Our critic thinks error is as real and eternal as Truth; but what a mistake! Truth destroys error, therefore error cannot be eternal; besides he admits that Truth is God and God is omnipotent. We have not outlived the age of ghostly beliefs; all have them more or less. We have not reached realities yet: nothing is real that is not eternal. Perfection is the Principle of reality; without it, nothing is real, and all things will continue to disappear until perfection appears, and the real is arrived at. We must give up the ghost at all points, or we shall suffer from nothing, supposed to be something, until we are glad to give it up. When we learn that discord is not real, because it is not immortal harmony, we are ready to progress, and “leave behind those things that are behind.” The grave does not away with the ghost of materiality. So long as there are limits to mind, and these limits assign themselves to personalities, named men and women, so long will ghosts continue. Mind is limitless; it never was in a body. All that we name minds [ 209 ] in bodies are beliefs, yea, ghosts; and Jesus is the authority for this assertion. The Principle of Christianity, being spiritual, and the spiritual the immortal, it follows that our material beliefs can neither demonstrate Christianity, nor apprehend the reality of being.

Our critic is pleased to name our protests “utter falsities and absurdities,” while yet he is weakly protesting against materiality, alias the “flesh and the devil,” and invoking divine aid to leave all for Christ, Spirit, thus to bring out in demonstration our more direct phraseology or scientific statement of being, and so practise what he preaches. Our words have their immortality in deeds; their Principle heals the sick, and makes man more spiritual.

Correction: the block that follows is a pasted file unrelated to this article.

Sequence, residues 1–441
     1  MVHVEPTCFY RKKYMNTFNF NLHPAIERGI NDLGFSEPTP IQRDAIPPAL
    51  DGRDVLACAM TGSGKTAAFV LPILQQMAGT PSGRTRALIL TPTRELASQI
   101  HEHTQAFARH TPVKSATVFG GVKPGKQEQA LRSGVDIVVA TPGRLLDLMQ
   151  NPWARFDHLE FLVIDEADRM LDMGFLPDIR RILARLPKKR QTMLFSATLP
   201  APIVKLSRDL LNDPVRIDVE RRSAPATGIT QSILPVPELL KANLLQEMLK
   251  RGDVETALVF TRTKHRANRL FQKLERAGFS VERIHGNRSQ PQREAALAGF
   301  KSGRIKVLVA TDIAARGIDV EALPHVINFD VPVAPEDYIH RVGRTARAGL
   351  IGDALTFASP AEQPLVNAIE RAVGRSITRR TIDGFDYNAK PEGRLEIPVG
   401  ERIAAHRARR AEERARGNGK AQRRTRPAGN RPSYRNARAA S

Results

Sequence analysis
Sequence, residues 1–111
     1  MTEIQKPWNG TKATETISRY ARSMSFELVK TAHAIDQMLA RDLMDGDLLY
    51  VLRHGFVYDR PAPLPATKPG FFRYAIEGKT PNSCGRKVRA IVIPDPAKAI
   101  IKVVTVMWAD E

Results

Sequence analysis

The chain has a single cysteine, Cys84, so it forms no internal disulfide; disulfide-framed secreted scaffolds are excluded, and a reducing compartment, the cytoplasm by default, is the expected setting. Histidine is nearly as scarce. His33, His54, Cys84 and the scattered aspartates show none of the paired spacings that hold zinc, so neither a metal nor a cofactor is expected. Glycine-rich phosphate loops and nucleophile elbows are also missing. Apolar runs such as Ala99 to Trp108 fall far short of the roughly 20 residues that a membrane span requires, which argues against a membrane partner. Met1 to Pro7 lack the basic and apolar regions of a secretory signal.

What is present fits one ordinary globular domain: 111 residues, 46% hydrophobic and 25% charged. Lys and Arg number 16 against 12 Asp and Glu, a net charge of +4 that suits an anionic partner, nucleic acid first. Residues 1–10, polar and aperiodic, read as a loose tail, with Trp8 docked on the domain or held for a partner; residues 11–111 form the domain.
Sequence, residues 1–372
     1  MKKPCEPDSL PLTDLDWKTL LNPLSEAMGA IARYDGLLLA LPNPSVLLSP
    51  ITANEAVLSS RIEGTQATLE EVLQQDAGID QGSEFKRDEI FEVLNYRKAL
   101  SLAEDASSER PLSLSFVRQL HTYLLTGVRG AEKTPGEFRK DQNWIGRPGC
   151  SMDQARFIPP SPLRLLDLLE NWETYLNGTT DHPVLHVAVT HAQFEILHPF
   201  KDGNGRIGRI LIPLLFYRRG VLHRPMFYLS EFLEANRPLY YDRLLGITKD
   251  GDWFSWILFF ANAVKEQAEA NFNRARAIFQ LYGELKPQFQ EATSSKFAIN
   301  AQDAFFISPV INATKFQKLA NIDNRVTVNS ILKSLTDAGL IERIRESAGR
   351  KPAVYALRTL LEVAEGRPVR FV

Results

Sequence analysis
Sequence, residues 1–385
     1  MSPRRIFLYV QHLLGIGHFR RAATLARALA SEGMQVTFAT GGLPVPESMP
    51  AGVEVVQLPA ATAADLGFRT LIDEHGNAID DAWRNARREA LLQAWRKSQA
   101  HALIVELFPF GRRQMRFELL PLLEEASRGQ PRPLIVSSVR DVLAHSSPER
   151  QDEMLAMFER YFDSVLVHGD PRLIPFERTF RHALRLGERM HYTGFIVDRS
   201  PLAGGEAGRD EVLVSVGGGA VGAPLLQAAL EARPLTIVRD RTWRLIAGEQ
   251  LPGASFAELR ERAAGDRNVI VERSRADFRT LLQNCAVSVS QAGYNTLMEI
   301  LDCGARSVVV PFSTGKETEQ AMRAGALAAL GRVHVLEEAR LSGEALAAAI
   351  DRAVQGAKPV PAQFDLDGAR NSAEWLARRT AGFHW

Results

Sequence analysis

On the other hand, our critic assumes no proof, and gives none, of the efficacy of Christ, Truth, to heal the sick, but demands the acceptance of his barren, desultory dogmas, because the traditions of the elders have set their seals thereto. “Consistency” is example more than precept; inconsistency is words without deeds, clouds that hold no rain. If our words fail to express our deeds, God will take care of that, and out of the mouth of babes He will perfect praise, for Truth will open the spiritual sense that discerns the “new tongues.” When speaking of sin, or the unreal, we speak of what is in itself inconsistent, and we rejoice to have found this out. Then be charitable, if our sentences appear inconsistent, and learn what they bring out. We dispose of inconsistency by exposing it, by talking it up to talk it down, and naming it to unname it. That our statements are, as our critic declares them, “absolutely false, and the most egregious fallacies ever offered for [ 210 ] acceptance,” is but an opinion on his part, and owing wholly to his inability to demonstrate metaphysics, and prove for himself that it is God's keynote of harmony and immortality; and without this proof none are capable of an impartial or a correct comment. A material existence, or what is termed this, affords not the least evidence of spiritual existence, or God.